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Inferno, by Dan Brown

Updated on June 24, 2013

I have to be completely honest in my assessment of Inferno, the latest Robert Langdon thriller by Dan Brown. I started the book with high hopes. I have certainly enjoyed Mr. Browns tales in the past, even though I have been a little put-off by some of the impractical plot twists. I wanted to enjoy this book. But I finished the last page with a feeling of disappointment and un-fulfillment. Mr. Brown had me, then he lost me.

Despite the fact that the book has topped the charts in sales the past several weeks, some clues point to the mediocrity of the story. The reviews have not all been positive; quite mixed, in fact. Some reviewers have downright criticized Mr. Brown for his poor-writing and misinterpretation of facts.

I have no real criticism for any factual information put in the story, authentic or not. The bottom line is that this is a work of fiction, and Mr. Brown can distort historical facts to fit in his tale any way he pleases. There will always be those that are sticklers for the truth though, and will be offended by any misinterpretations. Where I will criticize this book, however, is in its absurd plot twists and daft intrigue.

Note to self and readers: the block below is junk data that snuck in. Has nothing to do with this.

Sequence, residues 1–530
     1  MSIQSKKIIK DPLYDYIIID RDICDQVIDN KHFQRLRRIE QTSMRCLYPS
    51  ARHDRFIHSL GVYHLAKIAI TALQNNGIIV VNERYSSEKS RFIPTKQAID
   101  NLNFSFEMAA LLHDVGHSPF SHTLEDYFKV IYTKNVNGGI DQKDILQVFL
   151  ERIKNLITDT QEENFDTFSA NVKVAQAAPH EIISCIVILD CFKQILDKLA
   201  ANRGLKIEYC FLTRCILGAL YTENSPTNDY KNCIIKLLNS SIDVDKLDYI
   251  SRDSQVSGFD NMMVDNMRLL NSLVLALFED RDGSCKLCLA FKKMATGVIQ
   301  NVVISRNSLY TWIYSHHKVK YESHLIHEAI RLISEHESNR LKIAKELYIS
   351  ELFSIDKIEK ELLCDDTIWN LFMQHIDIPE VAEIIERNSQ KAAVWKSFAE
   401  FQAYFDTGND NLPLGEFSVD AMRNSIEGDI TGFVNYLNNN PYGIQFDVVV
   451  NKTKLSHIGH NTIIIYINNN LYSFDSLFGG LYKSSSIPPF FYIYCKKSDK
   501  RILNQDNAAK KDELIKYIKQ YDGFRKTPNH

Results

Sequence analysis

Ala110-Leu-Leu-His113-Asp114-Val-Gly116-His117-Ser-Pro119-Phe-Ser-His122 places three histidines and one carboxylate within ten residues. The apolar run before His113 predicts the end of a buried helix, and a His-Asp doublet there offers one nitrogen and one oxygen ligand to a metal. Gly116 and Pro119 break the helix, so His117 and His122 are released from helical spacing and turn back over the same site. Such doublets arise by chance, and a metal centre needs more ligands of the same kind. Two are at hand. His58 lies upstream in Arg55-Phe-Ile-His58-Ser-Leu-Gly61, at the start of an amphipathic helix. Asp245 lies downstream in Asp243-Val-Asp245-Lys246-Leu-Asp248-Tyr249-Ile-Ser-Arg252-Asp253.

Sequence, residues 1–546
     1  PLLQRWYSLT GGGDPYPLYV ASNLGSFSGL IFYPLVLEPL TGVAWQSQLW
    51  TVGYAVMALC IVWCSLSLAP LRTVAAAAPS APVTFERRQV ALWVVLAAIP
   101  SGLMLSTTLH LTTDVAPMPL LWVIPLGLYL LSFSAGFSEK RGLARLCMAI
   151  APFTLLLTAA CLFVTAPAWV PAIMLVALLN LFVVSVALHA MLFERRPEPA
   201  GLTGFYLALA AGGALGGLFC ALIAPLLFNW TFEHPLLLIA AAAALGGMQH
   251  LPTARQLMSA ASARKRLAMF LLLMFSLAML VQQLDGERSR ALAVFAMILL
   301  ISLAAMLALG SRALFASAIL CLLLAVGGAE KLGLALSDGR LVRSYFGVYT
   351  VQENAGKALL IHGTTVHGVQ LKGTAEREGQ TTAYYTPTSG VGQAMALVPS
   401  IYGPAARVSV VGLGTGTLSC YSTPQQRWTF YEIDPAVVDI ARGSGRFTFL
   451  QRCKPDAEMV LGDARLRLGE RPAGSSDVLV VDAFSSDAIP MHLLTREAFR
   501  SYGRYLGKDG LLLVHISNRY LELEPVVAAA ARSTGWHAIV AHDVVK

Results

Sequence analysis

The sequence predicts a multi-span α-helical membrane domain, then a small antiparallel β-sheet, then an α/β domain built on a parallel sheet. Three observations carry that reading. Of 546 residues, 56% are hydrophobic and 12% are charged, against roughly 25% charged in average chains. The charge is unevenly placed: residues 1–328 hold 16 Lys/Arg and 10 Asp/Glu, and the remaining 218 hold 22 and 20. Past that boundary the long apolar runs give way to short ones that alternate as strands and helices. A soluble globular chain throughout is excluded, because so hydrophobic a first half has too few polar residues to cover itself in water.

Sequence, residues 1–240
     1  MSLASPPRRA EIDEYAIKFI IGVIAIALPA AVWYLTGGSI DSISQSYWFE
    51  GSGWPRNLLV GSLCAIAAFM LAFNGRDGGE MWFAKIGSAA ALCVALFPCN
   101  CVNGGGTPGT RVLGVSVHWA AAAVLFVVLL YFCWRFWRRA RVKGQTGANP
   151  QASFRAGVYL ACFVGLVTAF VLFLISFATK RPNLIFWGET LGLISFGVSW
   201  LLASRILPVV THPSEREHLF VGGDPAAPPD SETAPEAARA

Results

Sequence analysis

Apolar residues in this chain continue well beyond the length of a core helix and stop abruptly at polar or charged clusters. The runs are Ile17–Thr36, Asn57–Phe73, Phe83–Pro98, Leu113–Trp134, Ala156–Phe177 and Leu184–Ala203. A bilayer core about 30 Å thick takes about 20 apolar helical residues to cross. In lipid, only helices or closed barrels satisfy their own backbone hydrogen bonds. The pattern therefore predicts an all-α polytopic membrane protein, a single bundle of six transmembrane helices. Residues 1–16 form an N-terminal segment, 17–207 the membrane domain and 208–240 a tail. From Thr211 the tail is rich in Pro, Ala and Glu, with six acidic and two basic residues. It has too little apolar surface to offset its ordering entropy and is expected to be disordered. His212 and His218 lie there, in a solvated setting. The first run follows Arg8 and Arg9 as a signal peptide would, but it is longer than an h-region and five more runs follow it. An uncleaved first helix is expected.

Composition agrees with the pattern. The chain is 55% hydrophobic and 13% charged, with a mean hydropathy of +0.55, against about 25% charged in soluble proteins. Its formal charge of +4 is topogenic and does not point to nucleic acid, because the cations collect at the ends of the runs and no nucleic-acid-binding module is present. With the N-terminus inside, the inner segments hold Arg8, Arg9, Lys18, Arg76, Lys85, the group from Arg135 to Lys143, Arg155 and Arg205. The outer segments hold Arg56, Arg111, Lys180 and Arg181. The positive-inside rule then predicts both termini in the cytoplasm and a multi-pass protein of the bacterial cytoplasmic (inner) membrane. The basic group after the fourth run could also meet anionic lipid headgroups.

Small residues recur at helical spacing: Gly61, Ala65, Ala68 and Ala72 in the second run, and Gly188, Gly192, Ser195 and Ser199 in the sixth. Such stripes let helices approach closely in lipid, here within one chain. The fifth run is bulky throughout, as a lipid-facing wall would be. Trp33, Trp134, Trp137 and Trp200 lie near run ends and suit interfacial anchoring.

In the tale, the day is saved once again by Harvard Symbolist, Professor Robert Langdon. The book begins with him awakening in a Venice hospital; wounded, amnesiac and confused about his whereabouts for the past two days. By stories end, the resolution to these problems has been revealed, and had me shaking my head in disappointment. I think Mr. Brown could have thought up some better twists to the story.

Inferno, like the Da Vinci Code, like Angels and Demons (still my favorite among the books), and like The Lost Symbol, contains equal parts religious, symbolic and historical intrigue, as well as suspenseful, page-turning thrills. Where it fails for those of us chained to reality, is the fact that a college professor has once again escaped every conceivable danger thrown his way and thwarted evil.

Finally, where Mr. Brown truly fails in my eyes, is that his books are increasingly attempting to appeal to the general public with the addition of more and more plot twists to keep the pages turning and the books selling. He includes just enough facts, history and enlightenment to keep the intellectuals interested, but that alone will never translate to bestseller status.

I am more than grateful to Mr. Brown for introducing such details and events as Noetic Science, The Divine Comedy, overpopulation and others to me. These have motivated me to learn more about them and eventually influence my own writings. But I also hope that Mr. Langdon settles back in at Cambridge and focuses on his lectures for awhile. Maybe Mr. Brown could write a book on symbology and religious history and release it under Mr. Langdon's name. We'll see how many thrill-seekers flock to the bookstore to buy that one.

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